Internet Survey Results:
Characteristics of the Most Effective Mentors
During the first quarter of 2003 an on-line survey was conducted by the Center for Coaching & Mentoring, Inc. The objective of the survey was to better understand what the purpose of the most effective mentoring relationship was and the behaviors of the respondents most effective mentor. Seventy individuals responded; twenty males and fifty females, with seventy-four percent being under forty-five years of age. When asked about the main purpose of their most effective mentoring relationship the group results were:
One open-ended question was asked:
Think about your most effective mentorthe person who was most helpful for you. Keep this person in mind, and describe, in as much detail as you can, what they did that made them your number one mentor. What set them apart?
For some fascinating reading the full text of the responses, with personal names and companies edited out, can be viewed by clicking here. The overall reaction to these comments is not of some super human event, but of a caring, deeply committed relationship. Those who have never experienced this type of a mentoring relationship can be heartened that it is possible if both parties are committed to making it work. The following summary, in decreasing times mentioned, of the major themes with illustrative comments provides insight into the richness and lasting impact these relationships have had on the respondents.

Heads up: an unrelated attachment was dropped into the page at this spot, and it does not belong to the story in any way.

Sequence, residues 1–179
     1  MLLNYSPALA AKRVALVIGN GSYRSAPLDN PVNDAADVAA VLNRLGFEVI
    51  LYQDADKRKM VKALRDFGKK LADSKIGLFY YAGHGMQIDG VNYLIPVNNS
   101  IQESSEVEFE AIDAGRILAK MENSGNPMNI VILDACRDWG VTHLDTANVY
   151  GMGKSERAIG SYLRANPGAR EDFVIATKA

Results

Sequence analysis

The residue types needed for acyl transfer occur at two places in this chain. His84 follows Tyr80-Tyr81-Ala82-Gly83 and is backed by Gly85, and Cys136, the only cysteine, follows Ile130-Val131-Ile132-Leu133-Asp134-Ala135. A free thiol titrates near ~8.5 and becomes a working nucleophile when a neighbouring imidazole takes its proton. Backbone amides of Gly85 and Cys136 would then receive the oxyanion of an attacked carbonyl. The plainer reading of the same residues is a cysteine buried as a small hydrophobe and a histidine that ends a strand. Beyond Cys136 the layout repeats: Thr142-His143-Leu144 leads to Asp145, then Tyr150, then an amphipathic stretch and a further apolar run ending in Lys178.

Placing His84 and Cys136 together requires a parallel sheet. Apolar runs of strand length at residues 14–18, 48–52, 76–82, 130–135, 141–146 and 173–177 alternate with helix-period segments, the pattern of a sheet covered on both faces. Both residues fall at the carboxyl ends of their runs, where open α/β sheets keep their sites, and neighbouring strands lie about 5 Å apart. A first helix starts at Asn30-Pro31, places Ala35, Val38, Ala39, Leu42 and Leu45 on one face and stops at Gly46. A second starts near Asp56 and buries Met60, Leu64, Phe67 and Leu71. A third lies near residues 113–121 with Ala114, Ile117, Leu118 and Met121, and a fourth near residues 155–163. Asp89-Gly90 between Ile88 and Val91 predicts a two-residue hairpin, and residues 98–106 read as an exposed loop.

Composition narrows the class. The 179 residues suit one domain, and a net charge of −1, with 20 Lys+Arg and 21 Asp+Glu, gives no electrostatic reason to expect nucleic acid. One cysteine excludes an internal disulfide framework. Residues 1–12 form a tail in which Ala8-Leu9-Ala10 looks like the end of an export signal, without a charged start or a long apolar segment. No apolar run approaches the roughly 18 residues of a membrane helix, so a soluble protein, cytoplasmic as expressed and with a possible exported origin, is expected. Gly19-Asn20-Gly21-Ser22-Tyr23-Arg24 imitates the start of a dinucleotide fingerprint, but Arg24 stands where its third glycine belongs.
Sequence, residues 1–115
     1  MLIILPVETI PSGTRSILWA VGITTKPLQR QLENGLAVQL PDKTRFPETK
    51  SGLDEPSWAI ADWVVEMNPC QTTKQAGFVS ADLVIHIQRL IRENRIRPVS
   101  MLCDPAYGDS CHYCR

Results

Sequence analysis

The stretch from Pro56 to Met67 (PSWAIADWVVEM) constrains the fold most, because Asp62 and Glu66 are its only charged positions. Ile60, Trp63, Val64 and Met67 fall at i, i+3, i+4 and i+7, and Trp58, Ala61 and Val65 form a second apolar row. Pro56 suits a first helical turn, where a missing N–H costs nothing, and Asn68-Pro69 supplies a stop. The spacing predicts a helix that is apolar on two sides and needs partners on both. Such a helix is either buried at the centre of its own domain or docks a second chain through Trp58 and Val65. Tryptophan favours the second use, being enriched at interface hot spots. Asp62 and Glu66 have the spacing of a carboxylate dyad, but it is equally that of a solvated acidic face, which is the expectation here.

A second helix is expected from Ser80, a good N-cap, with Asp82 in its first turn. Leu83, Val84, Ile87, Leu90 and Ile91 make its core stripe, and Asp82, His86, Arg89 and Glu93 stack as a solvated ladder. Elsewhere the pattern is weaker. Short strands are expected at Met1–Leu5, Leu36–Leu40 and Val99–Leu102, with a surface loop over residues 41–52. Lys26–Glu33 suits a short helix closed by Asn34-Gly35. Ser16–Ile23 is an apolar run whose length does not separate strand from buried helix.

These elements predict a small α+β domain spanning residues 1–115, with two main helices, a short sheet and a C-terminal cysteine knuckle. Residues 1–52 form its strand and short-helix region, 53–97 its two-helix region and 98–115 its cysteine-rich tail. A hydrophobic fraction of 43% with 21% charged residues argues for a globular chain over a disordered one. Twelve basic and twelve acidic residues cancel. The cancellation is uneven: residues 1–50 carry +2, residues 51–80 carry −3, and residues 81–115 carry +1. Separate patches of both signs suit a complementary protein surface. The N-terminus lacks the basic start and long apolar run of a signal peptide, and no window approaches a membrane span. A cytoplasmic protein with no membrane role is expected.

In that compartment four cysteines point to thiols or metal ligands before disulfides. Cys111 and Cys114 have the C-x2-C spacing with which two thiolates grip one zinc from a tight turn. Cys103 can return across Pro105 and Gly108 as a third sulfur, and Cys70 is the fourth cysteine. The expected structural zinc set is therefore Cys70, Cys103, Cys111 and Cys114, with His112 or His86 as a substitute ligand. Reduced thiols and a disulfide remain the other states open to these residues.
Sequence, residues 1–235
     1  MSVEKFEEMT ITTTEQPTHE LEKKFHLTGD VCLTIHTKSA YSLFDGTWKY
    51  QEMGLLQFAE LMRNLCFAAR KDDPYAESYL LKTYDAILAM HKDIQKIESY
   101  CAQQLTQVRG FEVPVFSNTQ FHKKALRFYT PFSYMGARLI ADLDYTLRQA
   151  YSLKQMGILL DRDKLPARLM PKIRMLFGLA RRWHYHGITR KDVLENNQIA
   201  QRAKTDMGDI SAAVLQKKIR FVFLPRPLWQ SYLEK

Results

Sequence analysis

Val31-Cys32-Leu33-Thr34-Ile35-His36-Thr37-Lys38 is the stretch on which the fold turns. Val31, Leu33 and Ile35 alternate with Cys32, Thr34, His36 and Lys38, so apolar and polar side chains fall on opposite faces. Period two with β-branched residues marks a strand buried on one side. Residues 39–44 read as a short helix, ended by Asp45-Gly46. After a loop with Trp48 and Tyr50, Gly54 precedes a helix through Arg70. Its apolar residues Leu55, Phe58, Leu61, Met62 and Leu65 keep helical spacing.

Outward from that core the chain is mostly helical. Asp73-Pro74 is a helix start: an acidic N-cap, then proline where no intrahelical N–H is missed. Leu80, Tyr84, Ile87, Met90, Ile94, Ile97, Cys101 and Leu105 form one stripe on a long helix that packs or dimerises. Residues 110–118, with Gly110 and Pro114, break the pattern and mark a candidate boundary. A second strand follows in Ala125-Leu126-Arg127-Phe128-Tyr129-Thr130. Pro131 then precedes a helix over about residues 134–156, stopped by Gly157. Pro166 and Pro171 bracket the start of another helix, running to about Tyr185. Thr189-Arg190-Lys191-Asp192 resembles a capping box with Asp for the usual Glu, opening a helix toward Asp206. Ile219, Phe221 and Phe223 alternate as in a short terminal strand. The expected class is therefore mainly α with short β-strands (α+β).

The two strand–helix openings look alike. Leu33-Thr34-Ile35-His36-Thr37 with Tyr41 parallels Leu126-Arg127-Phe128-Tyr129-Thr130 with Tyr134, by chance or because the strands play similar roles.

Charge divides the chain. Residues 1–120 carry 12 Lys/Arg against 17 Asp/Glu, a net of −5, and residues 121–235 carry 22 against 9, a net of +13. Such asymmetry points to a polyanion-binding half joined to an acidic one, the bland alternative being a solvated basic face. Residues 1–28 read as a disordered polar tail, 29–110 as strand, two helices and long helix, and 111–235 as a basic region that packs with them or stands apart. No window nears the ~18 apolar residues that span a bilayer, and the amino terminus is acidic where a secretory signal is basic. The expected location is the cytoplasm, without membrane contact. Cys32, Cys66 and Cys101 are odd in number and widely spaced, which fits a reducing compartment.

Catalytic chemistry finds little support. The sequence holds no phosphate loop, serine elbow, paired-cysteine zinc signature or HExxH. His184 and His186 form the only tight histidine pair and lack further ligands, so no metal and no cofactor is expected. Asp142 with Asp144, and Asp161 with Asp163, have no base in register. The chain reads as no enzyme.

A role model: My most effective mentor lived by example; This is the person I modeled myself after; My mentor walked her talk; I admired and thereby learned a lot from them; She is a role model, setting an example.
Achieving role model status may result from past accomplishments, ones values or organizational position. We believe a stronger case can be made that role model status was earned by how the mentor behaved during their interactions with those who responded to this survey. Role model status is an output of the interaction, the respondents wanted to emulate their mentor and replicate the following ten behaviors in their interactions when they became mentors.
Other behaviors were mentioned but not consistently enough to be considered a predominant theme for the seventy respondents. These ten behaviors can be achieved in a mentoring-partner relationship. For those engaged in a mentoring relationship, these ten behaviors could be a useful check list for both the mentor and partner to evaluate the health of their relationship and where improvements could be made.
Matt Starcevich, matt@coachingandmentoring